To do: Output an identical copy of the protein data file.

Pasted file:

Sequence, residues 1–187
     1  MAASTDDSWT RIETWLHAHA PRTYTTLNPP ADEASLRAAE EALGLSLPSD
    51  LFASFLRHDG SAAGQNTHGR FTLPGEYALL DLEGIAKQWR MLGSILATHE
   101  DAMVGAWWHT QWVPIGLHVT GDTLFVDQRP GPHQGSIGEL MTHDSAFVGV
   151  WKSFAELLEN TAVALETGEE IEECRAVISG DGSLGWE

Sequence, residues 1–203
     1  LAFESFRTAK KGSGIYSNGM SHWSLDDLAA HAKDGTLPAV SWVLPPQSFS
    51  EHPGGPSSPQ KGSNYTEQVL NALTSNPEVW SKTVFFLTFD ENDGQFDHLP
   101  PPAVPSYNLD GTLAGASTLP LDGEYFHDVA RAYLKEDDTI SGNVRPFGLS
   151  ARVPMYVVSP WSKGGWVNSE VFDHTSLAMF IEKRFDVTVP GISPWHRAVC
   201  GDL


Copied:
Sequence, residues 1–187
     1  MAASTDDSWT RIETWLHAHA PRTYTTLNPP ADEASLRAAE EALGLSLPSD
    51  LFASFLRHDG SAAGQNTHGR FTLPGEYALL DLEGIAKQWR MLGSILATHE
   101  DAMVGAWWHT QWVPIGLHVT GDTLFVDQRP GPHQGSIGEL MTHDSAFVGV
   151  WKSFAELLEN TAVALETGEE IEECRAVISG DGSLGWE

Sequence, residues 1–203
     1  LAFESFRTAK KGSGIYSNGM SHWSLDDLAA HAKDGTLPAV SWVLPPQSFS
    51  EHPGGPSSPQ KGSNYTEQVL NALTSNPEVW SKTVFFLTFD ENDGQFDHLP
   101  PPAVPSYNLD GTLAGASTLP LDGEYFHDVA RAYLKEDDTI SGNVRPFGLS
   151  ARVPMYVVSP WSKGGWVNSE VFDHTSLAMF IEKRFDVTVP GISPWHRAVC
   201  GDL